Island Hopping in the Winter - Part Two - Kalymnos

The waterfront in Kalymnos has many fine late 19th century buildings.  Like Symi it had an economic boom from the 1890s to the 1920s and many fortunes were made in the sponge industry.

The Alpha Bank is an amazing example of dressed stone work.  Our cameras really could  not do it justice.

An Italianate church on the waterfront  in Kalymnos harbour.

One of us is very energetic and went for a morning run up the kalderimi behind our hotel to the top of the ridge of hills that divides Kalymnos harbour and chora from the parallel valley and bay of Vathy.

Kalymnos has far more examples of these old footpaths than Symi and they are, by and large, seemingly in better condition.

Kalymnos has a population of around 18 000 inhabitants so is significantly larger than Symi.  

The Villa Melina,, a restored mansion that has been converted into a boutique hotel, was where we stayed for the night.  It is open all year round and the owners live on the premises.

Tourism on the island  is away from the main town, in small complexes of studios, apartments and low rise hotels along the coastal road. Rock climbing is one of the activities  on offer to tourists.

The view from the side balcony of our hotel room.  The archaeologia is not as  much  in evidence in Kalymnos as it is in Rhodes so there is a combination of old mansions and 1960s concrete all over the town.

Waiting for Dodecanese Seaways to whisk us away to Rhodes via Kos, Nissyros, Tilos and Halki.

We weren't the only ones waiting for the boat.  These men are from various fishing boats, waiting to load polystyrene boxes of fresh chilled fish onto the catamaran to send to Rhodes.

It is has been a wet and stormy week on Symi and the weather is not expected to clear until late on Sunday afternoon. All the rain we didn't have last winter seems to have fallen this week and we logged 60 mm in our rainwater gauge over 3 days.  We were very lucky with the weather for our mini-break, even if the photos are a bit grey as it was overcast.

We didn't have as much daylight in Kalymnos as we arrived there at half past 3 in the afternoon and then left again at midday the following day.  Once again we arranged to be met by the car hire on the quay and had pre-booked our accommodation to save time.  We arrived at the tail end of the Clean Monday festivities so there was quite a lot of traffic as we drove around the island, mainly of groups of people standing in the road, flying kites.  We drove through fields of cabbages and orchards of citrus trees. It seems that the hawkers we see at the back of Yialos are actually from Kalymnos, not Tilos as legend has it.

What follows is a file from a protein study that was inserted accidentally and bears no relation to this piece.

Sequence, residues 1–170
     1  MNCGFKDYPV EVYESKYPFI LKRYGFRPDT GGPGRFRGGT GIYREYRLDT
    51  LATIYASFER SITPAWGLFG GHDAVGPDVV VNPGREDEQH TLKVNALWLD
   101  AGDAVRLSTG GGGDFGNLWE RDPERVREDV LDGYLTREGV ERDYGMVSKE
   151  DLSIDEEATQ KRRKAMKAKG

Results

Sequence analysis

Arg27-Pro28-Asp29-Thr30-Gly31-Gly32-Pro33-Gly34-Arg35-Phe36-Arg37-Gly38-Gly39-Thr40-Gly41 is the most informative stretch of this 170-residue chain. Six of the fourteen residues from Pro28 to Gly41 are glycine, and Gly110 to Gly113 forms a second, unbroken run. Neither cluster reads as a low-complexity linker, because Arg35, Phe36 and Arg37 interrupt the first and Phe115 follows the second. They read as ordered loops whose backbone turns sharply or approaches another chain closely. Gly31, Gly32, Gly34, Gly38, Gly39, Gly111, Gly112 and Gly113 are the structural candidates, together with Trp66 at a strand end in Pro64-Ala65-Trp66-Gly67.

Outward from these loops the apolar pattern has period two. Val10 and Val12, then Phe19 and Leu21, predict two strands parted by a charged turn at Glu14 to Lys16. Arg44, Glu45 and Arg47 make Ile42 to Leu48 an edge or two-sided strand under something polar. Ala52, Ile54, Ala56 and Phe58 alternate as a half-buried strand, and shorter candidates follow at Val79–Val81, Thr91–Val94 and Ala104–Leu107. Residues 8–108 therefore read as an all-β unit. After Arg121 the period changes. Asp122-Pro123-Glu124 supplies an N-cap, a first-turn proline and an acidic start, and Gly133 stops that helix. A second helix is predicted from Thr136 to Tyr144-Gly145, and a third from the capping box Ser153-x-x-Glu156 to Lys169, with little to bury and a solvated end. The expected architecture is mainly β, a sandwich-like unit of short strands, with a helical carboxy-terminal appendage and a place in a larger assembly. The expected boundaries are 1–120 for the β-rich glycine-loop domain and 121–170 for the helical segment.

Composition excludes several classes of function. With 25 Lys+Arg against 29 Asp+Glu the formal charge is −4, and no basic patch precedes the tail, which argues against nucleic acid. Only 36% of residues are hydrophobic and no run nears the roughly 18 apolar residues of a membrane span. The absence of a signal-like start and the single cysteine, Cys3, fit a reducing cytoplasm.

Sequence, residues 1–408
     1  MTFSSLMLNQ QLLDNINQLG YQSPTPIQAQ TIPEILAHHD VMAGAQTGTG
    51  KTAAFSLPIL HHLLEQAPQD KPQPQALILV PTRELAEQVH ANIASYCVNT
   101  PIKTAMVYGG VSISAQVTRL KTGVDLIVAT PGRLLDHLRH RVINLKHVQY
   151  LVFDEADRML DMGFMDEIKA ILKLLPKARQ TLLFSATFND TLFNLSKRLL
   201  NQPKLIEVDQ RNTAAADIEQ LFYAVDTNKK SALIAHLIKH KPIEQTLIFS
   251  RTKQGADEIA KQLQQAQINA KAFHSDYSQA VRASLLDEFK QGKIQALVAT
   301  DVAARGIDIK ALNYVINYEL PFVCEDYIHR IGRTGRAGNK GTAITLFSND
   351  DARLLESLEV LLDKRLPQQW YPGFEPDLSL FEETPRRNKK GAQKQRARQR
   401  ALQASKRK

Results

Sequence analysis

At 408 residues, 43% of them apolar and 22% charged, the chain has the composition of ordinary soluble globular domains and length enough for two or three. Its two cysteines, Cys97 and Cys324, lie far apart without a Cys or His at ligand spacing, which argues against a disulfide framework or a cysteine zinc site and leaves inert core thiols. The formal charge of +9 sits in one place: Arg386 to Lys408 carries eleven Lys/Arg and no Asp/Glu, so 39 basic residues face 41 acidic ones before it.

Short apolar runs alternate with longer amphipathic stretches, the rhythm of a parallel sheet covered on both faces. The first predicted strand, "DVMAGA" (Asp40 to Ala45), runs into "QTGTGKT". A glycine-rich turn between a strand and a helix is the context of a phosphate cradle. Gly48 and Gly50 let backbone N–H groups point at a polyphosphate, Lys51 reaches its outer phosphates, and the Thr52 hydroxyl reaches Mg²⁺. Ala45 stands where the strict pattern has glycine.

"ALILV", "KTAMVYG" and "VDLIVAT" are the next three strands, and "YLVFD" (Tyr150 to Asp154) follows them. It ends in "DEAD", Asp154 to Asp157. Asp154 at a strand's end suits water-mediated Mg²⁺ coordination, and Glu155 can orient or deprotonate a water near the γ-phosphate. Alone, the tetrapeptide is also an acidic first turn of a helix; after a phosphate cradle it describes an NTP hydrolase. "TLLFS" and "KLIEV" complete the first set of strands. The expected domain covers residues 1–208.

Although Kalymnos has a much bigger population than Symi, eating out options in the winter seemed to be just as limited as they are here and the only place we found open on the waterfront that was doing food was a pizzeria. Nicholas had an excellent rigatoni marinara and I had a small Garibaldi pizza which turned out to be big enough for 4 people.  We took half of it with us to eat cold on the ferry to Rhodes the next day!

Kalymnos port has an old fashioned 1960s vibe reminiscent of the Piraeus of Melina Mercouri's 'Never on Sunday'.  The side streets are full of small independent shops and we didn't see any of the big franchises and designer names that are characteristic of Rhodes.  Everyone seemed to be pottering along quite comfortably and we weren't aware of any 'for sale' or ' to let ' signs which have become part of the landscape on Symi and Rhodes in recent years. Perhaps the fact that the island has a diverse economy which includes sustainable fishing and agriculture makes it less dependent on tourism and they don't seem to have any huge high rise all inclusive holiday complexes to worry about.

We spent the morning before the ferry in the new archaeological museum near our hotel.  They would not allow photographs so I can't share that experience with you but it was one of the best museums we have been to - and we 'do' museums a lot!  Well laid out, well curated and well illuminated, it was a pleasure to visit.  There have been several significant archaeological finds, both on land and pulled out of the sea by fishermen, in recent years so there was plenty to look at including a group of well-preserved marble kouroi (young men) and a huge larger-than-life size bronze statue of Hera. A reminder that not everything in Greece has been discovered yet and many treasures still lie on the seabed or buried under terraces and old churches.

Well, we were very lucky with the weather for our trip.  If it has been like this week, it would have been dismal indeed. This is a risk one has to take when travelling in Greece at this time of the year.

Have a good weekend.  I'll be back to writing about Symi on Monday!


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About this Blog

I sailed into Panormitis Bay, Symi, by chance one windy July day in 1993 and have been here ever since. The locals tell me that this is one of the miracles of St Michael of Panormitis. A BA graduate with majors in English, Philosophy and Classical Civilisation, the idea of living in what is to all intents and purposes an archaeological site appeals to me. Not as small as Kastellorizo, not as touristy as Rhodes, Symi is just the right size. I live on a small holding which my husband and I have reclaimed from a ruin of over-grazing and neglect and turned into a small oasis over the course of the past 22 years. I also work part-time for Symi Visitor Accommodation, helping independent travellers discover and enjoy Symi's simple pleasures for themselves.

This page is kindly sponsored by Wendy Wilcox, Symi Visitor Accommodation.

Adriana Shum

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